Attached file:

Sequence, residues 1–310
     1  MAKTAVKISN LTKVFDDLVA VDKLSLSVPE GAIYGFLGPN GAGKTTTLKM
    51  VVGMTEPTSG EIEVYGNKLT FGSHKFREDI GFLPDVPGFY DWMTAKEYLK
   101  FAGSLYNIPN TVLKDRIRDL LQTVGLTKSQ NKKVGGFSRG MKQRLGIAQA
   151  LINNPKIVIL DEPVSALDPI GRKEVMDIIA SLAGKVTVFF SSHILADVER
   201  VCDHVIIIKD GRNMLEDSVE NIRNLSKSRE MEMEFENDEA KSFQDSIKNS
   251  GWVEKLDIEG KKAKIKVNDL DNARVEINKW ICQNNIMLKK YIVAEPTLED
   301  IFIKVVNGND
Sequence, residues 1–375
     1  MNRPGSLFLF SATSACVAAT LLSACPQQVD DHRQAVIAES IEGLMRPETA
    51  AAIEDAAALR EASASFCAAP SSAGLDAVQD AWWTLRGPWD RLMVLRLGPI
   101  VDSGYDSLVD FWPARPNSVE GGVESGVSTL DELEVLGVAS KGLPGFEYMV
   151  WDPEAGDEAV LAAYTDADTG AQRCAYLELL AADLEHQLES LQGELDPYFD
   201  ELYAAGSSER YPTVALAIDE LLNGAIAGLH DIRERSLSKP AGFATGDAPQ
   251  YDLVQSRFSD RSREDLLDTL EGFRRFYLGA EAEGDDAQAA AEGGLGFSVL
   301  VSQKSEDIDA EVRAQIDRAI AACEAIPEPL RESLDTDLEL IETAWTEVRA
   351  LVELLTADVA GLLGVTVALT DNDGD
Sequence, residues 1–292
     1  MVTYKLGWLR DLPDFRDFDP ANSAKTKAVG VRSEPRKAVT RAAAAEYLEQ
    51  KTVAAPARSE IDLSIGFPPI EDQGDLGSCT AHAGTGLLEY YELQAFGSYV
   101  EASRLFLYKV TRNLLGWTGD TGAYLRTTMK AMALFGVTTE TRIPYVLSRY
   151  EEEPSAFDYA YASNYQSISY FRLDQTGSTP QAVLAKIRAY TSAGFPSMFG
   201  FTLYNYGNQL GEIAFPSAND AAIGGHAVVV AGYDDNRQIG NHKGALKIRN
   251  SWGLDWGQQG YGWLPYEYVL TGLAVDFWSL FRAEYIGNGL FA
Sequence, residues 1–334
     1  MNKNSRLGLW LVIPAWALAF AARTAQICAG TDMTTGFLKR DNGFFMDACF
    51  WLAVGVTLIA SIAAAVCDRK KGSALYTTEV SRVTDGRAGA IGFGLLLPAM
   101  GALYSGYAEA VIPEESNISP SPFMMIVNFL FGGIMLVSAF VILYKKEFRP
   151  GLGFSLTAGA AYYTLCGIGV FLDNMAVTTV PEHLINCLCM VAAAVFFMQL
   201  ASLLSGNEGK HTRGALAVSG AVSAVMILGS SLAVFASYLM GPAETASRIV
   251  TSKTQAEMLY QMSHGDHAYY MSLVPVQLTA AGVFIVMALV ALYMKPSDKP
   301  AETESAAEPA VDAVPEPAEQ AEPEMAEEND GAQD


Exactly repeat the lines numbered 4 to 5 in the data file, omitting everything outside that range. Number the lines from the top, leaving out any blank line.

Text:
   101  FAGSLYNIPN TVLKDRIRDL LQTVGLTKSQ NKKVGGFSRG MKQRLGIAQA
   151  LINNPKIVIL DEPVSALDPI GRKEVMDIIA SLAGKVTVFF SSHILADVER